a detachable locating element holding the sealing ring in position, which element can be replaced through the first opening to allow for replacement of the sealing ring.


FIG. 1 is a side view partly in section of an auxiliary float chamber installed by means of a float controlled valve;

FIG. 2 is a plan view of the float chamber;

FIG. 3 is a side view of the float chamber;

FIG. 4 is an enlarged section on the line 4--4 in FIG. 1;

FIG. 5 is a section through one form of valve suitable for use in the installation of FIG. 1; and

FIG. 6 is a section through another form of valve also so suitable.


In FIG. 1 a cistern wall 10 is shown fitted with a float controlled valve 11 of the type described below with reference to FIGS. 5 or 6.

The valve 11 holds in position an auxiliary float chamber 14 by means of a bracket having a back flange 12 and side flanges 13. The valve 11 is secured to the wall 10 through a slot 9 in the back flange 12.

A float 15 is secured to a cranked extension arm 16 of a lever arm 19 actuating the valve 11.

The position of the rim of the chamber 14 may be adjusted by positioning the valve at a suitable position over the slot 9. As shown it is at its highest level. Any downward adjustment also requires downward adjustment of the float 15. To achieve this the cranked end of the extension arm 16, which is of hexagonal section, is a tight fit in a split hole 20 of a complemental shape as shown in FIG. 4.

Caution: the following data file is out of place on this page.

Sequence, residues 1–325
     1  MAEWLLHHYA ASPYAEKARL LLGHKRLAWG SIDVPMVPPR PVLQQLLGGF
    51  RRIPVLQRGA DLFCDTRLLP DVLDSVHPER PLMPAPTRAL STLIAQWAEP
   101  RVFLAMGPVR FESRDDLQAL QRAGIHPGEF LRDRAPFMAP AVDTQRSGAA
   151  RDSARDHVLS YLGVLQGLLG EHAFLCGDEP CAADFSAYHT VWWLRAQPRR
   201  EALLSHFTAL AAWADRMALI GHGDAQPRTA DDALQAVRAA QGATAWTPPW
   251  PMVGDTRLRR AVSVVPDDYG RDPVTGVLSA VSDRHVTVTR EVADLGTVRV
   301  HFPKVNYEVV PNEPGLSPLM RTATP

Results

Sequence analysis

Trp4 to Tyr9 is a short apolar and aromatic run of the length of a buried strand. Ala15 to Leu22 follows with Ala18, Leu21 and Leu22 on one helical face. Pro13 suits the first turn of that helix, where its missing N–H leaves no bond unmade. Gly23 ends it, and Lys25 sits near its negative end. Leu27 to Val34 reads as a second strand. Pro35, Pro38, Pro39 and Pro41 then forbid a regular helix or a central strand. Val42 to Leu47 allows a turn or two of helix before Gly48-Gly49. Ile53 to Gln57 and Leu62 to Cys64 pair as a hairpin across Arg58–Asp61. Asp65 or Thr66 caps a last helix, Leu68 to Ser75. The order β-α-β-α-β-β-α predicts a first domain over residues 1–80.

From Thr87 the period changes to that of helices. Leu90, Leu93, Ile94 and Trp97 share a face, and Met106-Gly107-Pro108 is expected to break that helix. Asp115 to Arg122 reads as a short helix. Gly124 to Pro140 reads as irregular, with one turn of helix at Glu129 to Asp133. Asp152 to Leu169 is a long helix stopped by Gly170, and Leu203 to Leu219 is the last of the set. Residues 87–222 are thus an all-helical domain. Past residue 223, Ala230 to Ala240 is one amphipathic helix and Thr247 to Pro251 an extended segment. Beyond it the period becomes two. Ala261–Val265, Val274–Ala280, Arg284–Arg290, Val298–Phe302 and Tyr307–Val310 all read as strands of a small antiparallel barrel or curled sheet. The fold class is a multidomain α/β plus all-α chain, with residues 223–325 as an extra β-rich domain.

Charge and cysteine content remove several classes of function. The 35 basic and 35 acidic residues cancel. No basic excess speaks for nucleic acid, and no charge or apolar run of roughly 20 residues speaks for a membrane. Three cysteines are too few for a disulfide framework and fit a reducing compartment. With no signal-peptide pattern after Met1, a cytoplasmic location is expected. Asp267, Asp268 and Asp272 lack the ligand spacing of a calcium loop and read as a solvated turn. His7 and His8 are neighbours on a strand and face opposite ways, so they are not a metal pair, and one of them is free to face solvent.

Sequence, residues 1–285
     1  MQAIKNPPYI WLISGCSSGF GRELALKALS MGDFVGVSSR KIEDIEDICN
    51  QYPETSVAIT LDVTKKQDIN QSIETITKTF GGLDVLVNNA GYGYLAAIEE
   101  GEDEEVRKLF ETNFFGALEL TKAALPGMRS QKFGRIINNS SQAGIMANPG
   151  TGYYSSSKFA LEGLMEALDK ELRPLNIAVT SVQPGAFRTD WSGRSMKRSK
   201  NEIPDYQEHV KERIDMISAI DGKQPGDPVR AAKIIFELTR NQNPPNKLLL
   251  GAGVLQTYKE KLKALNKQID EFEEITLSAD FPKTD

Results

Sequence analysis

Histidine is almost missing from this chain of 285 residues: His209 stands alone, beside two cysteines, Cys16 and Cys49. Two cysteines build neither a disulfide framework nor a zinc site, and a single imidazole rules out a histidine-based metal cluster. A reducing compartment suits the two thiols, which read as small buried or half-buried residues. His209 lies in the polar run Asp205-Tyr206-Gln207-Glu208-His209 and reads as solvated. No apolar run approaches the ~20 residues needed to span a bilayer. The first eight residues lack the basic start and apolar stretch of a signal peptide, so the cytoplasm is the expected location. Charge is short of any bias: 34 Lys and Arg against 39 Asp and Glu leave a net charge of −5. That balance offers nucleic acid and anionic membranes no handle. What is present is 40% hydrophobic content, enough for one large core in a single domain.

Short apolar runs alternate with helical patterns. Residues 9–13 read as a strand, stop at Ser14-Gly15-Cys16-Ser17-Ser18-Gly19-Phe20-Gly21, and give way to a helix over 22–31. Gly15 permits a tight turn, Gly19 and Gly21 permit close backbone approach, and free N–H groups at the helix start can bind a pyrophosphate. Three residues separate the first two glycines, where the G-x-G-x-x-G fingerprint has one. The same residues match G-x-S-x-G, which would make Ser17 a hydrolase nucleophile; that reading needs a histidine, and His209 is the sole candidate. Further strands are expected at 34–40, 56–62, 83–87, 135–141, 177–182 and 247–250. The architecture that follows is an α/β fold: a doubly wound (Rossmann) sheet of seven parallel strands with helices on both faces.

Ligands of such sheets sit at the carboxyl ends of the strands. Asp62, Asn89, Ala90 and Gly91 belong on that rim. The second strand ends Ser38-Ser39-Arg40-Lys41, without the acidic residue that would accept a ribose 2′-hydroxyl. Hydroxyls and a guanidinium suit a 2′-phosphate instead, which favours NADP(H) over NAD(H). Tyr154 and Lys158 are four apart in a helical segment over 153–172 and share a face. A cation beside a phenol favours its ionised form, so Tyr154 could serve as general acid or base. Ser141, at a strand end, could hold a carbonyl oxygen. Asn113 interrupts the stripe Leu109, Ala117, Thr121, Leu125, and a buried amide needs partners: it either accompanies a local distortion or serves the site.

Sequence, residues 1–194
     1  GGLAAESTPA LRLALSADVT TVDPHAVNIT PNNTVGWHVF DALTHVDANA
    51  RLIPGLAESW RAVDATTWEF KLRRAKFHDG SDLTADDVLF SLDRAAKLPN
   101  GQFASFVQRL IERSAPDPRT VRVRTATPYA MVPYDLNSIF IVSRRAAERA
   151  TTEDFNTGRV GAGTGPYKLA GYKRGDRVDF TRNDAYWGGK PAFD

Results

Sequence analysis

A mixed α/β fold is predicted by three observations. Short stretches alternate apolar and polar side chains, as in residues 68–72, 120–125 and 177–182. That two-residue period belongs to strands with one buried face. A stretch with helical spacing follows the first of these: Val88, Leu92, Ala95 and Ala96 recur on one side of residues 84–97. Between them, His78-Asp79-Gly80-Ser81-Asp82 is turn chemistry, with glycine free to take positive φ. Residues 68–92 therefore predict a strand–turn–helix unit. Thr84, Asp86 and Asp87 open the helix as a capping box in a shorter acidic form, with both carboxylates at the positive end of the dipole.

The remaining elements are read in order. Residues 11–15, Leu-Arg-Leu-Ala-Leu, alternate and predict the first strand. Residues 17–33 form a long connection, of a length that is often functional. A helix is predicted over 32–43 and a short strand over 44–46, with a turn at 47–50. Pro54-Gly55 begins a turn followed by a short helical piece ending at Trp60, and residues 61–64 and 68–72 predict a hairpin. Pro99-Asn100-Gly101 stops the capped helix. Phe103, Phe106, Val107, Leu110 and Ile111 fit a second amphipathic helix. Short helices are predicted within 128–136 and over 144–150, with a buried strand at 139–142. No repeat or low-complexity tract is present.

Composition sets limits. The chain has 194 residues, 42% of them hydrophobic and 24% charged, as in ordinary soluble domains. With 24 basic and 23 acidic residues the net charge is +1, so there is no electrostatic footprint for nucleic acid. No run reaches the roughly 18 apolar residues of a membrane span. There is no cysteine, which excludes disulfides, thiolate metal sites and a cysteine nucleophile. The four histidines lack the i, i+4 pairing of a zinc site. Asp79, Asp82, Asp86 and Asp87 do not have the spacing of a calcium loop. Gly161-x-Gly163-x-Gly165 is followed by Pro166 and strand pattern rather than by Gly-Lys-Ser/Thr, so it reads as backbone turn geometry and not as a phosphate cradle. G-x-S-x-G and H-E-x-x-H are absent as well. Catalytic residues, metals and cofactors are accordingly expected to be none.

In the base of the chamber 14 there is a syphon composed of an inner leg 18 projecting to a suitable level below that base and an outer sheath 21 covering, but spaced from the leg 18 and spaced from the base of the chamber 18 to allow liquid to flow up through the space between the sheath 21 and the leg 19 and down through the leg 18.

The operation of the device thus far described is as follows. Assuming the cistern to be filled to the desired level of the chamber 14 full of water, the valve 11 will be closed. If the cistern now be caused to discharge its contents, water will flow out of the cistern, but the valve 11 will not yet open. As soon as the lower tip of the leg 18 is uncovered, syphonic action will start and the chamber 14 will empty so that the float 15 sinks and the valve 11 opens to fill the cistern once more. Eventually water will flow over the rim of the chamber 14 to close the valve 11 once more.

The length of the arm 19,16 and the size of the chamber 14 as illustrated is only possible if a valve of the type described below and requiring minimal closing forces be used. If a conventional type of valve be used, the chamber 14 or the sides 13 or both will have to be extended so as to accommodate the length of the arm required and the size of the float required to effect closure of the valve.

Two valves suitable for the embodiment of FIGS. 1 to 4 are illustrated in FIGS. 5 and 6.

In FIG. 5 there is a cylindrical valve body 30 provided with an inlet 31. The top of the body 30 is closed by means of a screw cap 32. The cap 32 holds in position an insert 33 which seals off the bottom of the chamber 34 inside the body 30 and provides a centrally holed boss 35, and a locating member 36 holding in position an O-ring 37.

A tube 38 constitutes the valve member and slides inside the boss 35 and is sealed on its outside by means of the O-ring 37. Between the cap 32 and the member 36 there is a washer 29 against which the inner mouth of the tube 38 seals on closure.

It will be seen that in the illustrated position there can be no flow from the chamber 34 to the interior of the tube 38. If the tube 38 is moved down, flow from the chamber 34 takes place through the tube 38.